Thursday, August 31, 2006

Natural Dyeing 2

Well, Siobhan and I did our first experiments with natural dyes today. After some research on the internet, we took our basket and went out to gather plants for our dyes. I had a list of plants that I found here:, and armed with Siobhan's knowledge from the class she took on plants that grow in Illinois, we came home with quite a haul. We ended up with sumac; both fruit and leaves; goldenrod, Queen Anne's Lace, and some purple/blackish berries that I thought might be elderberry but Siobhan thought not, and when we looked them up on the internet, she turned out to be right. She was so exhausted from the walk she had to lay in the hammock while she picked the berries from their stems! I decided to try the sumac fruit first, and decided to use salt as the mordant. I've used salt before and although I think vinegar gives more brilliant colors (at least with chemical dyes), I was looking for a more muted red. I cut up the sumac and put it in my dye pot and simmered it for a good hour. After 15 or 20 minutes I was thrilled to see the water turning red! After the first hour, I put in my piece of cream wool that I had already prepared with a salt and water soak, and simmered it for another 45 minutes or so. After about 15 minutes it looked like it was taking on an orangey reddish hue, but I continued to simmer (like the directions said) for another half hour, and what I ended up with was a very nice shade of brown.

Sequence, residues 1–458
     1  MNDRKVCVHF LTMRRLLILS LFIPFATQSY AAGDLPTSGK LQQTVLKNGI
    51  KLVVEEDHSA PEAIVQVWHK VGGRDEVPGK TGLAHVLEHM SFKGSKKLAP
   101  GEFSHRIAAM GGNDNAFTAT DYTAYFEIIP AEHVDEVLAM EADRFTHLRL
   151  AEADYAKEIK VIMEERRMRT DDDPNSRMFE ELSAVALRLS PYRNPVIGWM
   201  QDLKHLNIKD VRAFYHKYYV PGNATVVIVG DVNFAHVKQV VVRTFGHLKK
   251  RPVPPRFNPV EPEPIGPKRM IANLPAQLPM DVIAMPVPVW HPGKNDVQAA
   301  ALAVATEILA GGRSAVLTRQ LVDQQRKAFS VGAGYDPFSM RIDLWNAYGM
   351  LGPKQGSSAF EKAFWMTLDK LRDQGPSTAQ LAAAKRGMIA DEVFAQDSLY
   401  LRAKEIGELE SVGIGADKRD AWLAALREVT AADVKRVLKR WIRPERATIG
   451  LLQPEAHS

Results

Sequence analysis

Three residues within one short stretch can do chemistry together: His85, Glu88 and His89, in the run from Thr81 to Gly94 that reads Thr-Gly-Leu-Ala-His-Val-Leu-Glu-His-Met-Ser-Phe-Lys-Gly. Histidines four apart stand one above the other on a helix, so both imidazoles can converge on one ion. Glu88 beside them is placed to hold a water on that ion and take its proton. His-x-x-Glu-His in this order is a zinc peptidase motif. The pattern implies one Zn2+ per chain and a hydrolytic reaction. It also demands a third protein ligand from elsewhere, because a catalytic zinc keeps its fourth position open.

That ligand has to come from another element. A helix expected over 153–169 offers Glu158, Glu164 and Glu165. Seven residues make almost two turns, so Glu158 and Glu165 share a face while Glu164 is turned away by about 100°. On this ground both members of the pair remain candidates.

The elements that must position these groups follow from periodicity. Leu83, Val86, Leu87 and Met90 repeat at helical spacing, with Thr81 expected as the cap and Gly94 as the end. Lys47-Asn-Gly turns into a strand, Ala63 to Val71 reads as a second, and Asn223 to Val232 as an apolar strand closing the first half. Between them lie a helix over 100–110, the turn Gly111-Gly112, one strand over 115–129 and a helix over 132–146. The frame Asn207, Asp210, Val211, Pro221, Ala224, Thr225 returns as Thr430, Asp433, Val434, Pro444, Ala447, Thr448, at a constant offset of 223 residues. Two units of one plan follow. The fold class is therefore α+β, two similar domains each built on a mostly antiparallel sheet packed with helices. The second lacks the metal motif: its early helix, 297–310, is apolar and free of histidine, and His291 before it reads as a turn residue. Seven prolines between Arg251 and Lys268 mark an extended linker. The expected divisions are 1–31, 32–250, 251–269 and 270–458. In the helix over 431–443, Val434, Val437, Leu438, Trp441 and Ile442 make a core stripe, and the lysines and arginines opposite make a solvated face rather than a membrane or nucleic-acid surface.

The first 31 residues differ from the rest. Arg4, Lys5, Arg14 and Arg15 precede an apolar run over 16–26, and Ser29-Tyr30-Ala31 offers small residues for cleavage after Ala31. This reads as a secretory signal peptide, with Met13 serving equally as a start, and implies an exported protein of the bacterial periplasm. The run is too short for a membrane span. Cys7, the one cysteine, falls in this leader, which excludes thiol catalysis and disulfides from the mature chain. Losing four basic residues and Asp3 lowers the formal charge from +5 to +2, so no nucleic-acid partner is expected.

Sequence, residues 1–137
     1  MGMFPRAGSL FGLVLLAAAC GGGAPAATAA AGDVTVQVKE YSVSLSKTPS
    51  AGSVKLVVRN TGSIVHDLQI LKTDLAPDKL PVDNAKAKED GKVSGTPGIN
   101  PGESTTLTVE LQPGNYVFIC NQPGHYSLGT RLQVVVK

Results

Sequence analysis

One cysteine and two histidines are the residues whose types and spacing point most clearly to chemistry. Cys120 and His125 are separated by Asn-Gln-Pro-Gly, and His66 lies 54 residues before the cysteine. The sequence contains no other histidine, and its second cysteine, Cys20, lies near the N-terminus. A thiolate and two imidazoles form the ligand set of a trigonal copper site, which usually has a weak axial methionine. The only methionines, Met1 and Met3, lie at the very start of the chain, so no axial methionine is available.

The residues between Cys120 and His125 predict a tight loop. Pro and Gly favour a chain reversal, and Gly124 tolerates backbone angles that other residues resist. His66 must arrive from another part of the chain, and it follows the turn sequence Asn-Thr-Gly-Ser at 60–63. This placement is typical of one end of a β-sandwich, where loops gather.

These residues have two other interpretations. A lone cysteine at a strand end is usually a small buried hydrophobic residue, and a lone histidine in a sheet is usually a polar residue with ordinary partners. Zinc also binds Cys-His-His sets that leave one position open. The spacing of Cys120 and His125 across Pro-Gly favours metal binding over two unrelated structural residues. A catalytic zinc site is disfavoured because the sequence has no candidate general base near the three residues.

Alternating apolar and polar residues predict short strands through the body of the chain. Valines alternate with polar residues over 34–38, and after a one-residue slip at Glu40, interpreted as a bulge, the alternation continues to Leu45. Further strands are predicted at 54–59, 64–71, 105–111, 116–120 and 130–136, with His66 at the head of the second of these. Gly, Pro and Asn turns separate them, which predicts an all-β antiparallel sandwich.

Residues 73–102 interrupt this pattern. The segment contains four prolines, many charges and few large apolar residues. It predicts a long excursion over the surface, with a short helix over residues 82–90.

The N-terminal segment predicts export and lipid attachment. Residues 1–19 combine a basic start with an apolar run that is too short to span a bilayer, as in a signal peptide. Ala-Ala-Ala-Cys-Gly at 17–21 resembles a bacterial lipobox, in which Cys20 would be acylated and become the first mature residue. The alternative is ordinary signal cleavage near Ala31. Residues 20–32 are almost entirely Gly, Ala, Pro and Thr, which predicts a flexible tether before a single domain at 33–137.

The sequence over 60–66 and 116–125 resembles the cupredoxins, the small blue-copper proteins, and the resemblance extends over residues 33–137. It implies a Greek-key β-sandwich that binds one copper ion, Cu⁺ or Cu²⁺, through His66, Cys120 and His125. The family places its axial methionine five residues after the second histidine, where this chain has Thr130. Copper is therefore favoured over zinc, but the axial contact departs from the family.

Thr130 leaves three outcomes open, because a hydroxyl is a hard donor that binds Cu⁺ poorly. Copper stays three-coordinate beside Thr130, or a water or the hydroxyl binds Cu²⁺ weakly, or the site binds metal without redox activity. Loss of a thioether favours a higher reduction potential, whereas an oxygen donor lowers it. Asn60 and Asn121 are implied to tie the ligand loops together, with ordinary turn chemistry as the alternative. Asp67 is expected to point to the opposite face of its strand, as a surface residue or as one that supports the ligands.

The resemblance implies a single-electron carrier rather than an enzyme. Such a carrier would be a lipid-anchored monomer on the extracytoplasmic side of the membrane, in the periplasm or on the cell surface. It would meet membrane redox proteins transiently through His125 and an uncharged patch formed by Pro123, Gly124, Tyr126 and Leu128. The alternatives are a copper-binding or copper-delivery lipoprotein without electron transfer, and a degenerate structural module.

I tried it again with the purple/black berries, only this time I used vinegar, and I did things a bit differently. I simmered the berries for an hour, and the resulting liquid was a dirty grey color. However, I had first soaked the wool in hot water, and then in vinegar; when I put the vinegar and wool into the dyebath, it turned a pretty shade of purple. However, instead of taking the wool out, I left it for another 20 minutes, and this time got a nice tan.
In spite of not getting the colors I was looking for, I still enjoyed the experience very much, and am looking forward to trying the sumac at least with some other mordants to see what happens. I am thinking alum, and maybe baking soda. We found several stands of sumac, and one is really big, so I can go and pick a few more pods. I think tomorrow I will try the goldenrod.

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